# Phantom width of binary operator

Using beamer. Let's say I want to write `A+B` but with the plus invisible in one slide and visible in the next one. I think I read somewhere that more space is left normally around the + for being a binary operator. It seems to be that `A\phantom{+}B` leaves only the space of the sign +. How can I get all the space I need.

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Need to add additional `{}` which emulate a binary operator as TeX thinks there is something on either side of the `+`:

``````\$A\phantom{{}+{}}B\$
``````
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What is the difference between your answer and Stefan's? Is one better? – Quinn Culver Sep 23 '11 at 15:34
@Quinn: AFAIK both add identical spacing around the symbol for a binary operator, but the `\mathbin` better captures the intent of what you are doing. – Peter Grill Sep 23 '11 at 15:47
When I use `&\phanom{=}H...` on one line of an align environment and then `&=H...` on the next, they are misaligned, and using (either of) your trick(s) works. According to your (and Stefan's) explanation, this is because the first `=` one is not a binary operator whereas the second `=` is. Am I correct in deducing that the reason the second `=` is considered a binary operator is because TeX considers the text at the end of the previous line to be to the left of `=`? – Quinn Culver Sep 23 '11 at 18:16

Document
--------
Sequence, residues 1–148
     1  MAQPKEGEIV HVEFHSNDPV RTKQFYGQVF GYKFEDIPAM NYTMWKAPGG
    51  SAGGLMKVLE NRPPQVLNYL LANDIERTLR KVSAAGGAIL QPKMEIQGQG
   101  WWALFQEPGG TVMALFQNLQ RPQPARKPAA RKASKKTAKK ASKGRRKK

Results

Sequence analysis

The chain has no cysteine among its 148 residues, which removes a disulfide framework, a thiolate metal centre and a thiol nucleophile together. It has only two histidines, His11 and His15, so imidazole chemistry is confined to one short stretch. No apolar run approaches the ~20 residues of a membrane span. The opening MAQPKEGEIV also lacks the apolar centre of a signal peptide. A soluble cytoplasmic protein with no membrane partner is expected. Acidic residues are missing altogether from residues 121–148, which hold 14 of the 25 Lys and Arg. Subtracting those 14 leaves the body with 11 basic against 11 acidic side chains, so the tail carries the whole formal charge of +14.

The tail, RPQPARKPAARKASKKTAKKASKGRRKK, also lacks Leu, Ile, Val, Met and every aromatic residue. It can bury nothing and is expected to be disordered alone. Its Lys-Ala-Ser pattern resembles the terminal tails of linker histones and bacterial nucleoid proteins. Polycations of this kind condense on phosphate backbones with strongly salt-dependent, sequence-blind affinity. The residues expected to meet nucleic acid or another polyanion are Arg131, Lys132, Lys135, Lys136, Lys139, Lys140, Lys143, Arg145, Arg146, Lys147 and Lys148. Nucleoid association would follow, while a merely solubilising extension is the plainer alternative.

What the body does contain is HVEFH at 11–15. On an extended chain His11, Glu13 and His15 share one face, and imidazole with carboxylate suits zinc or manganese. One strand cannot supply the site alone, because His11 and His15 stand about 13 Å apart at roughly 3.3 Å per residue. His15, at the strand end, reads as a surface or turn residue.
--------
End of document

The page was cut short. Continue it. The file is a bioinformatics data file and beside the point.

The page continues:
Not exactly sure I fully understand, perhaps it is best to post an additional question with a full MWE, but using `F&\phantom{{}={}}H` should produce the proper spacing. – Peter Grill Sep 23 '11 at 18:26

Use `\mathbin` for making the invisible symbol a binary operator:

``````\$A\mathbin{\phantom{+}}B\$
``````
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What is the difference between your answer and Peter's? Is one better? – Quinn Culver Sep 23 '11 at 15:34
I would think @Stefan's answer is more clear, since you literally define `\phantom{+}` to act like a binary math operator (via `\mathbin`. In my opinion, one would only obtain @Peter's solution through experience with this problem, or perhaps a couple of compiles to see whether the spacing is correct. – Werner Sep 25 '11 at 14:33
@Werner: The spacing will be identical. The `{}` on either side of the `+` lets TeX know that there is an item of zero width on either side of the `+`. But, I do agree that in this case, that `\mathbin` more clearly captures the intent. – Peter Grill Sep 25 '11 at 22:00
they may work the same in \phantom, but they dont at the beginning of a line. if i start a line with a logical and, it will attach to the next variable like a unary operator, \mathbin doesnt fix this, {} does. – peter Nov 23 '12 at 10:44